But seriously, when confronted with evidence that damage to the motor system doesn't produce the expected perceptional deficits, or that we can understanding actions that we cannot produce with our own motor system, it is a common strategy among mirror neuron theorists to retreat to the claim that of course many areas are involved (can you see the hands waving?). You see this all over the place in Rizzolatti's writings for example. But somehow only the motor system's involvement is "fundamental" or provides "grounding" to these perceptual processes:

“speech comprehension is grounded in motor circuits…”
-D’Ausilio, … Fadiga et al. 2009

So here is a question I would like to pose to Fadiga (or any of his co-authors):
Is speech perception grounded in auditory circuits?


Bill Idsardi said...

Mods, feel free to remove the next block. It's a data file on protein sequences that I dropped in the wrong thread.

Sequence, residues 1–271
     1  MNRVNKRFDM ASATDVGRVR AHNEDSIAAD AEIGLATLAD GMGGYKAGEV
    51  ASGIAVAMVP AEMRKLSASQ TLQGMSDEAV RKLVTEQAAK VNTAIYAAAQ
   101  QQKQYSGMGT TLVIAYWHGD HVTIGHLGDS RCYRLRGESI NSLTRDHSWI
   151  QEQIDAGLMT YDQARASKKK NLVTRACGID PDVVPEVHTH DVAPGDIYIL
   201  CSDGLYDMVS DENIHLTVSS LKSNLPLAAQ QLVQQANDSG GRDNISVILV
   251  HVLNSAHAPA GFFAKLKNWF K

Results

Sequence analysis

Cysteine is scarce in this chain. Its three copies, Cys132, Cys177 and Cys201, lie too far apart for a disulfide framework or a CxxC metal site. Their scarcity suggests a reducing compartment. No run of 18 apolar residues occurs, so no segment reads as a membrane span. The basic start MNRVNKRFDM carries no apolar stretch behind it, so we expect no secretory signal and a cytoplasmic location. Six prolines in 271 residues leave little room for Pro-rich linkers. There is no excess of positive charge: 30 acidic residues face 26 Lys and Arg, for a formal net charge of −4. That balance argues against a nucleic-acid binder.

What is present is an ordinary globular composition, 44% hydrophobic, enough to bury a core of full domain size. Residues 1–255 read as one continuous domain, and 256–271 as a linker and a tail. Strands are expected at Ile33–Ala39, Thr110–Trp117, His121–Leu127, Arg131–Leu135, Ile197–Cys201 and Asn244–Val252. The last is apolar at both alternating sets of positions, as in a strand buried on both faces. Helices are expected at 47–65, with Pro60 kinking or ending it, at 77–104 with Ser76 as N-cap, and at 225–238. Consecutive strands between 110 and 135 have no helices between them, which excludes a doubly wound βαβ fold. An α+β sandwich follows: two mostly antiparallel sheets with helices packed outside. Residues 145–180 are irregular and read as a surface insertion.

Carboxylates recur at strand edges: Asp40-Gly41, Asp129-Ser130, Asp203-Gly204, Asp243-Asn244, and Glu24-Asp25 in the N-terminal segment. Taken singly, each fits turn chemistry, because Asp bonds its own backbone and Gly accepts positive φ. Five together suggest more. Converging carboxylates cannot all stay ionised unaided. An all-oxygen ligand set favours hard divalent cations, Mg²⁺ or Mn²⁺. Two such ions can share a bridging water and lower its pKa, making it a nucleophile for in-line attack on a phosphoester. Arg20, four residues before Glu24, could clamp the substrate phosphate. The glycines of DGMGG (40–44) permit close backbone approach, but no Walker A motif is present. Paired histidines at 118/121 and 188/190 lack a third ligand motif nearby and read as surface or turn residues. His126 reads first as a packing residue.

Overall, I find "grounded" just too wishy-washy a term. As you said in your remarks, they start out with a strong position, but their back-off position doesn't even seem testable.

Marc Sato said...

Hi Greg,

I think you extrapolate Luciano's view on the role of the motor system in speech perception.

Although I worked two years in Rizzolatti's group and I was always fascinated/impressed by the work done in Parma, I fully agree with you that mirror neurons in humans (or, as would better say Luciano, the action-observation matching system) cannot explain everything.

I also agree that there are many issues that have to be better/deeply discuss, rather than only arguing for a possible 'causal', 'mediating' 'essential' role of the motor system in speech perception. Mainly, the fact that speech perception is preserved following lesions to frontal-motor regions. Note that I would not say, as in your talk, 'phonemic perception' - see e.g. Blumstein et al., 1977, Basso et al., 1977, Miceli et al., 1980; Caplan et al., 1995 as quoted by Stephen Wilson and Marco Iacoboni. And the fact that speech perception is a complex process, involving multi-step, multi-process tasks (e.g., see our tms study with Vince Gracco and Pascale Tremblay: Brain Lang. 2009 Oct;111(1):1-7).